Of course, when it comes to outdoor light bulbs, you’re not limited to just white. The Crompton brand especially is known for its extensive range of alternative colours, including blues, reds, purples, pinks, greens, and more. They’re well worth checking out if you’re looking to add a bit of character or mood lighting to your garden space. 

What is the best Wattage for outdoor lighting?

Outdoor LED lights typically range from 1 to 25 Watts. However, with the widespread shift to outdoor-rated LEDs, Wattage - which shows how much energy the bulb uses to produce a specific brightness - isn’t always the most accurate indicator of brightness.

Instead, it’s best to look at Lumens. Outdoor lights usually emit anywhere from 250 to 1000 Lumens, with the higher number indicating the most brightness. 900 and 1000 Lumen outdoor bulbs are best suited to safety and security applications, while the dimmer bulbs are ideal for creating more of a gentle, welcoming, and inviting glow.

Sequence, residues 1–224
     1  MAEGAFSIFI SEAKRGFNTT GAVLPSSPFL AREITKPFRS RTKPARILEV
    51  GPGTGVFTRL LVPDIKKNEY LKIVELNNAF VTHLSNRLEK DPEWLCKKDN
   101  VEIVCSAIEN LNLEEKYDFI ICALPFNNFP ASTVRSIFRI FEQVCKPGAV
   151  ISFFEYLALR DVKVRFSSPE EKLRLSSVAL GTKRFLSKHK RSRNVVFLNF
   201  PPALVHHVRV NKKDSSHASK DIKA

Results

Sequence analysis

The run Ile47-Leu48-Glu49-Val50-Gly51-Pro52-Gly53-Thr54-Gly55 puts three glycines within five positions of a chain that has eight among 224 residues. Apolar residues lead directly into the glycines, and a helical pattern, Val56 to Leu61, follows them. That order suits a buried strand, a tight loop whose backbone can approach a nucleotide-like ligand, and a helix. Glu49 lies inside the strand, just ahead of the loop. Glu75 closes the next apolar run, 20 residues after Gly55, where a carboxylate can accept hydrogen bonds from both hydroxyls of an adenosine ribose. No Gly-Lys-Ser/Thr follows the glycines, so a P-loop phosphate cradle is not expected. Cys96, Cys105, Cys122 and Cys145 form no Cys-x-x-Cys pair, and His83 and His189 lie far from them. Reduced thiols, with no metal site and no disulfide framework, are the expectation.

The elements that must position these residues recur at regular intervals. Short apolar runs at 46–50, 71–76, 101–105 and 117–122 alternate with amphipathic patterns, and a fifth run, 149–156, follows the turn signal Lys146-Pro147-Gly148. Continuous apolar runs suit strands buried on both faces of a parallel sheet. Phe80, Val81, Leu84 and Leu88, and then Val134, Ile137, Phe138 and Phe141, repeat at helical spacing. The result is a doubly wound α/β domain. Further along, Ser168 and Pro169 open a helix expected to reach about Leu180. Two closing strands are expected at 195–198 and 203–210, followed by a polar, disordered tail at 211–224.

How do I choose outdoor light bulbs?

Light bulbs suitable for outdoor installations are very common and very much in demand, which means that almost every light bulb manufacturer will have at least one option. Some of the biggest names in outdoor lighting include Bell Lighting, Calex, Crompton, Dencon, and GE. This means that there really is a huge range of choice.

So to make the right decision, here are a few things to look out for:

  • Style: What do outdoor lights look like?

There are many different styles of outdoor light bulb, including elliptical, GLS, and pygmy style. Perhaps two of the most highly sought after styles, however, are the wide-faced reflector style, and the Edison-style golf ball-shaped light bulbs.